The goal of this thesis is to describe the creation and testing of the world's smallest antineutrino detector, which was designed and built at the University of Hawai'i at Mānoa, and was deployed at the NIST research nuclear reactor facilities in Maryland during 2014–2016. First, we review relevant theoretical aspects of neutrino physics: sources of neutrinos and reactor antineutrinos in particular, and give a comparison between description of neutrino oscillations in quantum mechanics and quantum field theory. Second, we focus on the main components of this new-generation detector, as well as the data taking, analysis, and conclusions we drew from the project.
The novelty was in having a very small volume (2 liters) compared to all other neutrino detectors, with fast-timing electronics and photodetectors in a very confined space. The idea was to reconstruct the direction of particles propagating inside the scintillator using information from the first arrival of both Cherenkov and scintillation photons. While the project did not succeed in detecting neutrinos in its first outing, many important lessons were learned which we take to the next-generation NuLat instrument, under construction at present.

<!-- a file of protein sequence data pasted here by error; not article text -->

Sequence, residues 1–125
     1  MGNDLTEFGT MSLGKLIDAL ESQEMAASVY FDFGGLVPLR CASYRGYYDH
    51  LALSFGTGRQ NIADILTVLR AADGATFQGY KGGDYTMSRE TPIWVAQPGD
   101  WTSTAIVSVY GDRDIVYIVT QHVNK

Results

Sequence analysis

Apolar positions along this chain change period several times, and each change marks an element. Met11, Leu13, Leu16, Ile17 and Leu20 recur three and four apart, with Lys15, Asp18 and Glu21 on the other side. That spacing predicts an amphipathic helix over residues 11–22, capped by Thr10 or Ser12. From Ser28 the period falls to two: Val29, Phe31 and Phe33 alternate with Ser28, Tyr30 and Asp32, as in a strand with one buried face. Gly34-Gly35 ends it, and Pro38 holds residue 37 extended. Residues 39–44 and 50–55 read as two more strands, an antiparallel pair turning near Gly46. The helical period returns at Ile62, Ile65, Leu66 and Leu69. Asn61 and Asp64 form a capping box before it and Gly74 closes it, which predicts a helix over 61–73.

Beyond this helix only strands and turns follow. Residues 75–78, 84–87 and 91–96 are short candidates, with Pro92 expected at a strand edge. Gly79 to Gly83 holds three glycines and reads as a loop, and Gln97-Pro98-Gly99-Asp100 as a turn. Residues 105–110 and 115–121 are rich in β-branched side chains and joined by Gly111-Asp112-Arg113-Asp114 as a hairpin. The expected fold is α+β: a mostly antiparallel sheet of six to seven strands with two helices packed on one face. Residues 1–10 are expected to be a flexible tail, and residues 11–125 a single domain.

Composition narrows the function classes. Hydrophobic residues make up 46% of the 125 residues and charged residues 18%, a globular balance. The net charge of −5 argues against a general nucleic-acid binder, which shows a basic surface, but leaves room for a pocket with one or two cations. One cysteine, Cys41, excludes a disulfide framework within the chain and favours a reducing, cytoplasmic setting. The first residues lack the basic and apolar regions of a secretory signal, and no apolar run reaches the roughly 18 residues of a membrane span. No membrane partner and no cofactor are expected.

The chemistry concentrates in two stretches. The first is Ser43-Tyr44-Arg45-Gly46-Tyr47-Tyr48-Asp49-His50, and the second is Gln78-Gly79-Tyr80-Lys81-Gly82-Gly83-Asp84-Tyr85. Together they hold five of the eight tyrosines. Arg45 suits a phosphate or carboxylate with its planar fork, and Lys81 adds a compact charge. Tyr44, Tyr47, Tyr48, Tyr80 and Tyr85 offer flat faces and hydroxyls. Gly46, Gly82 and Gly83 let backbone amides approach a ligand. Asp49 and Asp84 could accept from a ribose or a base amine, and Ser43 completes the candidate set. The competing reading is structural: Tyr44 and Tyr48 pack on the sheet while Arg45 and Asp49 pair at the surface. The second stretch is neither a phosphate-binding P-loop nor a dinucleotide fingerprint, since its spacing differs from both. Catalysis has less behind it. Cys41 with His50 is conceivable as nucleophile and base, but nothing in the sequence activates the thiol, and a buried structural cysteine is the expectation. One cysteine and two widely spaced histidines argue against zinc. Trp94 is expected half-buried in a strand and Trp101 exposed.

|School:||University of Hawai'i at Manoa|
|Department:||Physics and Astronomy|
|School Location:||United States -- Hawaii|
|Source:||DAI-B 80/03(E), Dissertation Abstracts International|
|Subjects:||Physics, Particle physics|
|Keywords:||Directional compact detectors, Fast electronics, Mcp-pmt, Neutrino oscillations, Neutrino physics, Reactor antineutrino experiments|
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